Justice minister “no idea” if Police Scotland spied

Michael Matheson. Picture: Michael Gillen
Michael Matheson. Picture: Michael Gillen
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Justice secretary Michael Matheson has told MSPs he has “no idea” whether Police Scotland has monitored the activities of political activists and trade unionists.

Mr Matheson was answering questions in the Scottish Parliament yesterday about the force’s alleged use of the Regulation of Investigatory Powers Act (Ripa) to spy on journalists.

It has been claimed that Police Scotland’s counter corruption unit used the controversial legislation to identify a journalist’s source without judicial approval.

The Interception of Communications Commissioner’s Office (IOCCO) is investigating two UK forces who breached guidelines introduced earlier this year, but has not named the forces involved.

Asked about a press report at the weekend that Police Scotland has breached the IOCCO’s guidelines on “multiple occasions”, Mr Matheson said it would be inappropriate to comment while the watchdog’s investigation is ongoing.

He added: “It’s extremely important that our press are able to operate freely.

“No individual should have their communications inappropriately accessed.”

The minister said the time frame of the investigation was “entirely a matter” for the watchdog.

“IOCCO is independent and I would expect them to report in due course,” he said.

Asked by Labour MSP Neil Findlay whether he believed Police Scotland or any of its predecessors had “monitored the activities” of activists, trade unionists or environmental campaigners, Mr Matheson said: “The answer is that I have no idea.”

Last month, investigative journalist Eamon O Connor claimed Police Scotland may have been monitoring his communications illegally.

Mr O Connor presented a BBC programme earlier this year examining the police investigation into the murder of Emma Caldwell in 2005.

He said a police source informed him he was being targeted. Police Scotland said it would not comment on individual cases.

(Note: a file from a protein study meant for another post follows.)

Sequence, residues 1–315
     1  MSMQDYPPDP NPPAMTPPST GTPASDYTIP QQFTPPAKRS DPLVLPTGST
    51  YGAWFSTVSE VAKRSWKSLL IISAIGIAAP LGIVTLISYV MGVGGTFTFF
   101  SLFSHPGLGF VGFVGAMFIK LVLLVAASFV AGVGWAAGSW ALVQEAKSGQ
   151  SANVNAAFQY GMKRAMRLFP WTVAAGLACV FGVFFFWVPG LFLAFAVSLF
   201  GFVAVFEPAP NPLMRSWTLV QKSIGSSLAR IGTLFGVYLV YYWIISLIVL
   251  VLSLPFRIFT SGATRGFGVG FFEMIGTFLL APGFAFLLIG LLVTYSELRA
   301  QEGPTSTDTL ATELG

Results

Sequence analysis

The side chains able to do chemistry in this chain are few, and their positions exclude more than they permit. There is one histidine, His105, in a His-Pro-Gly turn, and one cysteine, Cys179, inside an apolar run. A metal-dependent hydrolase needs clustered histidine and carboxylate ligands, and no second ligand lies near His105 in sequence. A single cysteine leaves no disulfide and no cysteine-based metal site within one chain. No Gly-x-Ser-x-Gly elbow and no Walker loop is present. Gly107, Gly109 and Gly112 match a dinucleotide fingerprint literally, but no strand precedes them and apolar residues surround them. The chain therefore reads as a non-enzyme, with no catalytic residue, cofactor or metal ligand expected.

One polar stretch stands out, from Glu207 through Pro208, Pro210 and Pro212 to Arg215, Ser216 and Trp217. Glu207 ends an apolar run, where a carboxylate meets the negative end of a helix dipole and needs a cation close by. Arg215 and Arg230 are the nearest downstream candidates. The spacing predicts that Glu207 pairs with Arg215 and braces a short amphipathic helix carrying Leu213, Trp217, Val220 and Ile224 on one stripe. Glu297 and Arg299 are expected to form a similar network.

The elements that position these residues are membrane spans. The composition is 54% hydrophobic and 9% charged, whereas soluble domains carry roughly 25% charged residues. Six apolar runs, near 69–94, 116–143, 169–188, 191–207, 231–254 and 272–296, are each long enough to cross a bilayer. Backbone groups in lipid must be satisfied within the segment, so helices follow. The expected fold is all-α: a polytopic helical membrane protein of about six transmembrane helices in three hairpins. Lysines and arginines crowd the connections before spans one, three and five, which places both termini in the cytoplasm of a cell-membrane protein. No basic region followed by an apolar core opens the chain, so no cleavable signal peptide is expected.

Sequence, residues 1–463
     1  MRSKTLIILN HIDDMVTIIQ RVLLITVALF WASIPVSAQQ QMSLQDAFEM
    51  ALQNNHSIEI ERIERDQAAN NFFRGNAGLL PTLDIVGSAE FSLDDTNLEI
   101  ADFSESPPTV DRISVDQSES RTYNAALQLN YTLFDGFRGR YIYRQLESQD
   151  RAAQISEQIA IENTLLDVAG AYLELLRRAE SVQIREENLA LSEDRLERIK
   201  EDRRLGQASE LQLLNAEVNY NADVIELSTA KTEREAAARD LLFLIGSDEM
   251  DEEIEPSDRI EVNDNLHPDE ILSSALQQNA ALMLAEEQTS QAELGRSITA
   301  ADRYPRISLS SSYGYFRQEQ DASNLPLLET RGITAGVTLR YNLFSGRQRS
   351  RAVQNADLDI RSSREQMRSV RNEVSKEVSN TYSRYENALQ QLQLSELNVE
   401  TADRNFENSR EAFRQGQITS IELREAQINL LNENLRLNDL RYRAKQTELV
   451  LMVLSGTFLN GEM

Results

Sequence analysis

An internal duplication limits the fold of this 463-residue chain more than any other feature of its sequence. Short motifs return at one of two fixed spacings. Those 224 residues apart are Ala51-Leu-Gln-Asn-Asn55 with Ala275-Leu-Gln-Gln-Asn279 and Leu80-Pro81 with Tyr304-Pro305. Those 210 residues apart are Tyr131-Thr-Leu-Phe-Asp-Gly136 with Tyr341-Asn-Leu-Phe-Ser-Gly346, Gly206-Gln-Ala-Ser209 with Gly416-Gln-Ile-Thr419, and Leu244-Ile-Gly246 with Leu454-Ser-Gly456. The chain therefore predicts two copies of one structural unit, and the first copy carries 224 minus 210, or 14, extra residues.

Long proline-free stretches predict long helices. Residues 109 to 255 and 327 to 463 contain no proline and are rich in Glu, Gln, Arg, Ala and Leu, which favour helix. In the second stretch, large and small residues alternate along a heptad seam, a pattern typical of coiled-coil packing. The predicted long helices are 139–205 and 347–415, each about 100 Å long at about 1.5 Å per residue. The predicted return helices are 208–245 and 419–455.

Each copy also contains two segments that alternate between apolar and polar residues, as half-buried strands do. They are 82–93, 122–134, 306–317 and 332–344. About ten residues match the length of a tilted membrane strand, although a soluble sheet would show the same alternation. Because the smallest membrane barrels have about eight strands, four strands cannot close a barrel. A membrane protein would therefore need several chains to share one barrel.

The Ripa legislation allows the authorities to ask for the “who”, “when” and “where” of phone or e-mail communication, but not its content.

Since March, police forces have been required to obtain judicial approval before using the act to reveal journalists’ sources.

At the weekend, the Sunday Herald newspaper claimed Police Scotland’s covert investigations unit has breached the new code on “multiple” occasions in recent months.

The newspaper claimed the Scottish Government is aware of the breaches and has concerns about the unit.

There are now growing calls for the issue to be considered by the Scottish Parliament’s justice committee.

In a statement released last month, IOCCO said: “It would be wholly inappropriate for us to name the two police forces whilst we are still in the process investigating fully these matters.

“Our primary concerns are to ensure that our investigation process is not prejudiced, that the privacy of those individuals who may have been adversely affected is protected and, that those individuals are able to seek effective remedy. Careful consideration has also had to be given to the fact that criminal investigations and legal proceedings are invariably active and we are not yet in a position to consider the impact or potential wider consequences of naming.”

The watchdog yesterday declined to comment further.

A Police Scotland spokeswoman said: “IOCCO has clearly set out rationale for not identifying organisations in its report and therefore it would be inappropriate to comment further.”